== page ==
The Planetary Society today confirmed that its LightSail satellite has successfully deployed its Mylar solar sail, achieving the main objective of the mission after 19 days in low-Earth orbit. The CubeSat, which is about the size of a loaf of bread, completed transmission of its first image to a ground station at Poly San Luis Obispo in California, showing the sail open and partly spread out.
Though the deployment wasn't confirmed until today, it actually occurred on June 7. The CubeSat took a self portrait on June 8, which was transmitted to Earth in packets as the satellite passed over a mission ground station.
“This LightSail test taught us a lot, just as we hoped it would, and so we’re ready to do some real solar sailing with LightSail’s 2016 mission,” says Bill Nye, Planetary Society CEO.
Built by Stellar Exploration Inc, LightSail was launched on May 20 from Cape Canaveral Air Force Station as a piggyback cargo atop an Atlas V rocket for the US Air Force's AFSPC-5 mission. Its purpose is to test critical systems for a solar sail system that uses the pressure of sunlight to propel a spacecraft , similar to the way wind propels a sailing ship. Though the pressure of photons striking the sail is almost indiscernible, the fuelless system has the potential of generating remarkably high velocities over time.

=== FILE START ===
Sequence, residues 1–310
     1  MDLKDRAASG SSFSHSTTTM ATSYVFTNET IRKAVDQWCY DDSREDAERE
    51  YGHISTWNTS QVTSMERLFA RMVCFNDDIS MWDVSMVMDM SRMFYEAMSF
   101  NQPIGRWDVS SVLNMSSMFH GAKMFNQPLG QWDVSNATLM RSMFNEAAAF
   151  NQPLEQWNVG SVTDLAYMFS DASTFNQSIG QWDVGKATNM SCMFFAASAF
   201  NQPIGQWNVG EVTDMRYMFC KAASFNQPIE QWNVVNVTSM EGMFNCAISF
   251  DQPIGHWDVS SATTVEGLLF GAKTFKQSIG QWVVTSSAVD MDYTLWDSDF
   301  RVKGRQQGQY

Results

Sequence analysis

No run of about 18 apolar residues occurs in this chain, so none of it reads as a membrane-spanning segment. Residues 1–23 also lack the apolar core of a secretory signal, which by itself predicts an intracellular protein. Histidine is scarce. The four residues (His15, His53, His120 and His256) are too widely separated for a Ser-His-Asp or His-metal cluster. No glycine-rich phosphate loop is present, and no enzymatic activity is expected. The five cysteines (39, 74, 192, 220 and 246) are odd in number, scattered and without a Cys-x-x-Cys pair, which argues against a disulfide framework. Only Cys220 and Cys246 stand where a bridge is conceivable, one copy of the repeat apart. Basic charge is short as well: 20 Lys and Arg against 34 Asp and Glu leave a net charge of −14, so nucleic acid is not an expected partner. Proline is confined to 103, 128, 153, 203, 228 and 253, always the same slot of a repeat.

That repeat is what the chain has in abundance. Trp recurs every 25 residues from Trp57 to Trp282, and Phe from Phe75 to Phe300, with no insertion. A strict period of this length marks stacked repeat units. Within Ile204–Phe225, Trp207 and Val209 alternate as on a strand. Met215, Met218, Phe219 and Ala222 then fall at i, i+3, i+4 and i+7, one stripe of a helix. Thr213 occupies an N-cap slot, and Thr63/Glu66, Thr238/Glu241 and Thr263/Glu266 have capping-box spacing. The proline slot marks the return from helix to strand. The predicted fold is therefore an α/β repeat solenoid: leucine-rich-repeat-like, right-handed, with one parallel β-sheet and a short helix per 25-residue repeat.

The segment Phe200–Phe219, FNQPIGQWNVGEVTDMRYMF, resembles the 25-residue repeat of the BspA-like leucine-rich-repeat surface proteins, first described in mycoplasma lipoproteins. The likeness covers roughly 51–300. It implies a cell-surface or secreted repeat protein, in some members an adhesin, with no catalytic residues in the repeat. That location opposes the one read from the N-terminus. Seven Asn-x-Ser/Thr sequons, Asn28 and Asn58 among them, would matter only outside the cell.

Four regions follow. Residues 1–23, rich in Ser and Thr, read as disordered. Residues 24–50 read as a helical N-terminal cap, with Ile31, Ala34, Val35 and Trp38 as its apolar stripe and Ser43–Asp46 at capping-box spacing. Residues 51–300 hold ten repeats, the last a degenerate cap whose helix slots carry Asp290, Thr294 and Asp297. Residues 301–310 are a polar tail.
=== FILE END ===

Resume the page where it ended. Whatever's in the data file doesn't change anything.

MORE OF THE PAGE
Since the launch, LightSail suffered two signal losses and problems with its battery system. At one point, its computer froze and only rebooted because the electronics were struck by cosmic rays.
The Planetary Society says that there are still a number of tasks to carry out before LightSail reenters the Earth’s atmosphere. The spacecraft is downloading a second image and mission engineers hope to extend the sail's spars to flatten it out, so they can look for any sign of tension caused by sunlight pressure.
A second mission is set for 2016. It will be launched to an altitude of 450 mi (720 km) as part of the payload of Virginia Tech's Prox-1 mission, where it will act as a rendezvous target for the Virginia Tech craft for two weeks before carrying out a full demonstration of the light-sail system by using the sail for actual propulsion.
"This week's flight was an ideal test in preparation for our primary mission in 2016. We were able to validate the function of all key spacecraft systems including solar sail deployment, and along the way the team was forced to deal with a number of anomalies and setbacks," says Doug Stetson, LightSail project manager. "We've learned a tremendous amount about our spacecraft and operations plan, and we're already preparing for what should be a spectacular flight late next year."
Source: The Planetary Society
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